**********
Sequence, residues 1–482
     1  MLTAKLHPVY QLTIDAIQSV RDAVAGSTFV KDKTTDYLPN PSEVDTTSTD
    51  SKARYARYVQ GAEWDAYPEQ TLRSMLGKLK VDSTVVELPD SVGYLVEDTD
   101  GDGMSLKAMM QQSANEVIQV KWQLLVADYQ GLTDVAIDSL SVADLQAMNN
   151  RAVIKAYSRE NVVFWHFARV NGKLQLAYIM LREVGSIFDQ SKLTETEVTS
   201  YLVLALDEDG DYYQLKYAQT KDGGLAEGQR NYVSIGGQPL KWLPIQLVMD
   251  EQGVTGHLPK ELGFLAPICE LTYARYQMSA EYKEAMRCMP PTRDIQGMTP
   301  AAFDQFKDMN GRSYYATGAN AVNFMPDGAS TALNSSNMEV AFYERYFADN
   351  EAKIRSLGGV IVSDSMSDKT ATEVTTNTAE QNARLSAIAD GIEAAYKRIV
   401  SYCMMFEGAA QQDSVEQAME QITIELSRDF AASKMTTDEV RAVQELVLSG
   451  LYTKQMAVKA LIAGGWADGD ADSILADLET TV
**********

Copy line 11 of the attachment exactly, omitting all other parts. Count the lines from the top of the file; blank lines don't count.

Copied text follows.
   451  LYTKQMAVKA LIAGGWADGD ADSILADLET TV